This record combines Indian classical and tuturisti sounds from L. Shankar’s electric violin, his comrades’ tablas, bells, splashes, and spronks, and the silky soprano and tenor sax of ECM mainstay Jan Garbarek, creating a feeling of spaciousness that soothes but also challenges the ear. Aggressive music, to be sure, but in the most finely-tuned sense.
“Paper Nut” is reminiscent of early ’70s Weather Report with its mystical charm. The European fusion-pop band Passport comes to mind when hearing the more direct of these melodies, while Shankar’s more traditional side — as showcased in his late ’70s work with John McLaughlin — also surfaces.
With so many able drummers about, the use of drum machines is somewhat baffling, But the machines have a well-defined role as rhythmic reference rather than focus, with two powerful percussionists playing along and embellishing. As Shankar vamps on “I Know,” Trilock Gurtu spanks toms and cymbals over the top of the drum machine’s hi hit part. Shankar then molds a solo that swoops and cries with echoes overlapping, leaning into chords and fighting the instrument for ringing harmonics.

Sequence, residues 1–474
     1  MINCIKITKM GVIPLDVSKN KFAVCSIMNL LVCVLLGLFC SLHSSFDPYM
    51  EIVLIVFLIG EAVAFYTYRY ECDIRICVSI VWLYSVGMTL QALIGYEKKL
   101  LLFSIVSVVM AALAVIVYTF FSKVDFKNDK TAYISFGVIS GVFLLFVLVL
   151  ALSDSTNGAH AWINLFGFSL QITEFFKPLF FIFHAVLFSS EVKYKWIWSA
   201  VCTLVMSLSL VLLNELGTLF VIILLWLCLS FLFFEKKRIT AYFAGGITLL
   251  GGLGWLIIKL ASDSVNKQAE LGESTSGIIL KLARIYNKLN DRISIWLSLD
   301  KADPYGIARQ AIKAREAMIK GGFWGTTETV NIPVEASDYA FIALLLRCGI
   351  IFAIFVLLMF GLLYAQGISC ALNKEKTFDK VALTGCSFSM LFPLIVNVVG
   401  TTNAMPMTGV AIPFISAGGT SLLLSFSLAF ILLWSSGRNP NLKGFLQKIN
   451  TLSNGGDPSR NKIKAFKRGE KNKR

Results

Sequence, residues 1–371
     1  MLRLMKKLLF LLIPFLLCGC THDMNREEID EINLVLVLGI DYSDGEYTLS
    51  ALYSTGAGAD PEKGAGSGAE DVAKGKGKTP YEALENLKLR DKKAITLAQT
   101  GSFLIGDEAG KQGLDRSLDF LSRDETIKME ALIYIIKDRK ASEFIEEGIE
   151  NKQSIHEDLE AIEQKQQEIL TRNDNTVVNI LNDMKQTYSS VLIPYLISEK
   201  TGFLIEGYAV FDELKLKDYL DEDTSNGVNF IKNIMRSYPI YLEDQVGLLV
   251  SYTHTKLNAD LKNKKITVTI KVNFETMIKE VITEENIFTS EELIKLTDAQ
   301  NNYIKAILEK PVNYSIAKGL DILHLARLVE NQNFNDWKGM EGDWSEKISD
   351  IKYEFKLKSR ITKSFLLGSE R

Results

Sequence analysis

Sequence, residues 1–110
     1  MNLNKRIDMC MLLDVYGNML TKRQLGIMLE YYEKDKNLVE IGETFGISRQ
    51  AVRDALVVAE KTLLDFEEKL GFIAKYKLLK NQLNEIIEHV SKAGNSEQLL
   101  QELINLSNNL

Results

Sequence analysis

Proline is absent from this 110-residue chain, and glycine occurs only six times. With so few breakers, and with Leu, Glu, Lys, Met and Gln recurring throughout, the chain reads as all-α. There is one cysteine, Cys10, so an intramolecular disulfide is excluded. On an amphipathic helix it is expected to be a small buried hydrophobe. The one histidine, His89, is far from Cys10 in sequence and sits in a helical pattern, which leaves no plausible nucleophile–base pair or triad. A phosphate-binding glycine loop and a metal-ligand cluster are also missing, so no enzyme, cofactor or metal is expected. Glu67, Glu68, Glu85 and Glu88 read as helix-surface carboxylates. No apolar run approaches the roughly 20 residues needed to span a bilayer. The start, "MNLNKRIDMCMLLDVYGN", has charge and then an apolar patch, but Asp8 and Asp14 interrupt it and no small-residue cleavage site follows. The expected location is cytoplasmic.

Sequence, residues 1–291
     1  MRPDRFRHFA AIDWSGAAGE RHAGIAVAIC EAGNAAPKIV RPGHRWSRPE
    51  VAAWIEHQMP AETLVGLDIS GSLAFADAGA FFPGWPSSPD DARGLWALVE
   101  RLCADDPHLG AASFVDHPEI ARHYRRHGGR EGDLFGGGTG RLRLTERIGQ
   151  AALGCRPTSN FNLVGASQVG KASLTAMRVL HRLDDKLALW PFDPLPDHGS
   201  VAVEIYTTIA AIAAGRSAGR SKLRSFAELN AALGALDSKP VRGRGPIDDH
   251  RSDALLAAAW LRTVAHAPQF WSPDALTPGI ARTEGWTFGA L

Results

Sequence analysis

Shankar and Garbarek trade and double on some breathtaking runs on “Conversation,” one of the more agitated efforts. Tabla-ist Zakir Hussain uses the drums as a rhythmic bed but also hits the accelerator occasionally and jumps into the fray. With “Song For Everyone,” and indeed with much of the album,the emphasis rests on the melody, woven lovingly in and around this exceptionally biting and restrained free-form playing. Definitely one of the year’s top jazz LPs.